Abrams, Spielberg Pay Riveting Homage to B-Movies of Their Youths with 'Super 8'
The childlike sense of wonder so evident in Super 8 might well spring from director J.J. Abrams’ memories of an adolescent infatuation with monster movies, and his filmmaking as a boy on the long-obsolete Eastman Kodak cameras from which his latest work takes its name.
But try telling that to anyone weaned on Close Encounters of the Third Kind, The Goonies and E.T. Whether Abrams is channeling the spirit of producer Steven Spielberg or paying tribute to his mentor’s most audacious fantasies, Spielberg’s influence on Super 8 is impossible to miss.
That’s hardly cause for complaint. Whether you walk away from Super 8 recalling more the wide-eyed innocence of E.T. (1982) or the Godzilla-like chaos of Cloverfield (2008), which Abrams produced, chances are you will do so with a bounce in your step.
Super 8 must have been a welcome nostalgia trip for Abrams and Spielberg, both of whom experimented with the format as young filmmakers. It is a movie driven as much by a passion for the creature features of the ’50s and ’60s as by a healthy appreciation of the joys of youth – the heady rush of first kisses, and the beginning of adolescent rebellion.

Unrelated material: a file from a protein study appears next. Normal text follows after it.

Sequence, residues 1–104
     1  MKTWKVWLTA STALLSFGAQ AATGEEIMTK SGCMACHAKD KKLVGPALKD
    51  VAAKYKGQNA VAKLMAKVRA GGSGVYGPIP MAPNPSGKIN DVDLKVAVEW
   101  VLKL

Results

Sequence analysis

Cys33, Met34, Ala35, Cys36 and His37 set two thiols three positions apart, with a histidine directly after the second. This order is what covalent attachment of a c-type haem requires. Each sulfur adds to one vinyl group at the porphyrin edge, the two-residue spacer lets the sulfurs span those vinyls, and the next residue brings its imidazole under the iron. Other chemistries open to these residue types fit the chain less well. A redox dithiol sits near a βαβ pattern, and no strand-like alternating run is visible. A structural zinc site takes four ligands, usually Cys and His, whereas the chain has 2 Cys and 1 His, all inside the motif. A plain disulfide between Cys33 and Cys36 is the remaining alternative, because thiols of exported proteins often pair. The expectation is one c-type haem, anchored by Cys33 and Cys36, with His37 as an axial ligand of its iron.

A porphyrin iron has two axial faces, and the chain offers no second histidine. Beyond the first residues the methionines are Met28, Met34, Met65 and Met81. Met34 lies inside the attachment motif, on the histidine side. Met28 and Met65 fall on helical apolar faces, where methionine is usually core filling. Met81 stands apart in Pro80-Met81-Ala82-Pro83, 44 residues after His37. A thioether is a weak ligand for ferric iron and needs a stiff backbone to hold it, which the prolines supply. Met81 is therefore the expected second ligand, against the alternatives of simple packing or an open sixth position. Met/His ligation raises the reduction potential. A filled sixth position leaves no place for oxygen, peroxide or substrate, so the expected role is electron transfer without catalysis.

Abrams has been notoriously tight-lipped about the movie, and it would be mean-spirited to reveal all his secrets. Set in small-town Ohio during the summer of ’79, Super 8 follows a group of middle-school moviemakers – including overbearing director Charles (Riley Griffiths), makeup expert Joe (Joel Courtney) and talented starlet Alice (Elle Fanning) – who capture a mysterious train wreck on camera.
It’s not long before the Air Force arrives to clean up the mess, but their presence is anything but benign, as Joe’s sheriff father (Kyle Chandler, of NBC’s Friday Night Lights) comes to suspect. Could the train’s unusual cargo – hundreds of tiny white cubes, packed in dozens of heavily guarded crates – explain the military’s curious fascination?
Panic ensues, coupled with alien sightings and an increasingly tense fact-finding mission orchestrated by Joe, who rightfully concludes that there’s a lot more going on behind the scenes than the Air Force cares to let on.
None of this is exactly fresh – Super 8 pays homage to venerable sci-fi clichés and revisits territory Spielberg has covered before. But what’s so refreshing about the movie is how effortlessly entertaining it turns out to be. The plot’s well-oiled engine practically purrs.
Like Spielberg, Abrams, at his best, has a skilled musician’s ear for his audience. Even when the notes are familiar, it’s a pleasure to hear them fall into place with such serendipity.